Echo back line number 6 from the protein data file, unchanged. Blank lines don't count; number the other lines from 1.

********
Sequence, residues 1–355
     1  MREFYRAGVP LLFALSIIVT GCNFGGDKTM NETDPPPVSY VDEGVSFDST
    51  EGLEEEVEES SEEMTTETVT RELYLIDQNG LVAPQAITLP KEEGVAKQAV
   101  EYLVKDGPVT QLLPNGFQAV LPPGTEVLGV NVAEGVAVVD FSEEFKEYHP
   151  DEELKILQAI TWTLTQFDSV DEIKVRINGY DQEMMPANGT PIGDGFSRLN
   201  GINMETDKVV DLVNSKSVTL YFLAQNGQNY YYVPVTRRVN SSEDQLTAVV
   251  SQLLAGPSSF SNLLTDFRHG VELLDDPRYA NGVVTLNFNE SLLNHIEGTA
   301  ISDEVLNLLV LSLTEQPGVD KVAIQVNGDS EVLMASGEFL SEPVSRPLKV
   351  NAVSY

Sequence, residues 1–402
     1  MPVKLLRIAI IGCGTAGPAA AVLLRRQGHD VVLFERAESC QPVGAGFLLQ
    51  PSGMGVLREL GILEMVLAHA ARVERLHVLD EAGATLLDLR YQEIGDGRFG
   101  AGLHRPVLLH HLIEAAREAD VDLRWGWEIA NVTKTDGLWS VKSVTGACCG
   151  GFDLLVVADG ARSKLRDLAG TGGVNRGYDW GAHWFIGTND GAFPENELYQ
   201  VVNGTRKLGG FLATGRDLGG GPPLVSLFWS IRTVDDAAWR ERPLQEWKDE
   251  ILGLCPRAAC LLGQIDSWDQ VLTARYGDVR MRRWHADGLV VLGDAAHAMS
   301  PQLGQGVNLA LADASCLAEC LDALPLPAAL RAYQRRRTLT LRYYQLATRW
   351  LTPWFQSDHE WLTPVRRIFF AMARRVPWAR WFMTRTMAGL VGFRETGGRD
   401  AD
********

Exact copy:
   201  GINMETDKVV DLVNSKSVTL YFLAQNGQNY YYVPVTRRVN SSEDQLTAVV